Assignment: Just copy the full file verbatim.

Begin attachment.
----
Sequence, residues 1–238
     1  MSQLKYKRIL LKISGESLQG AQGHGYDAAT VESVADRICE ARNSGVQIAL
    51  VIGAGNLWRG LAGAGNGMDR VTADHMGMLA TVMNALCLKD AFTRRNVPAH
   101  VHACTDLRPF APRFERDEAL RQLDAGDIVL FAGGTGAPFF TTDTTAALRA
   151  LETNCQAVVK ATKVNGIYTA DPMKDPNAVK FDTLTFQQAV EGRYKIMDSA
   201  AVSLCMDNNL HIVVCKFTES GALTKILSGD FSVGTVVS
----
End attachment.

Sequence, residues 1–238
     1  MSQLKYKRIL LKISGESLQG AQGHGYDAAT VESVADRICE ARNSGVQIAL
    51  VIGAGNLWRG LAGAGNGMDR VTADHMGMLA TVMNALCLKD AFTRRNVPAH
   101  VHACTDLRPF APRFERDEAL RQLDAGDIVL FAGGTGAPFF TTDTTAALRA
   151  LETNCQAVVK ATKVNGIYTA DPMKDPNAVK FDTLTFQQAV EGRYKIMDSA
   201  AVSLCMDNNL HIVVCKFTES GALTKILSGD FSVGTVVS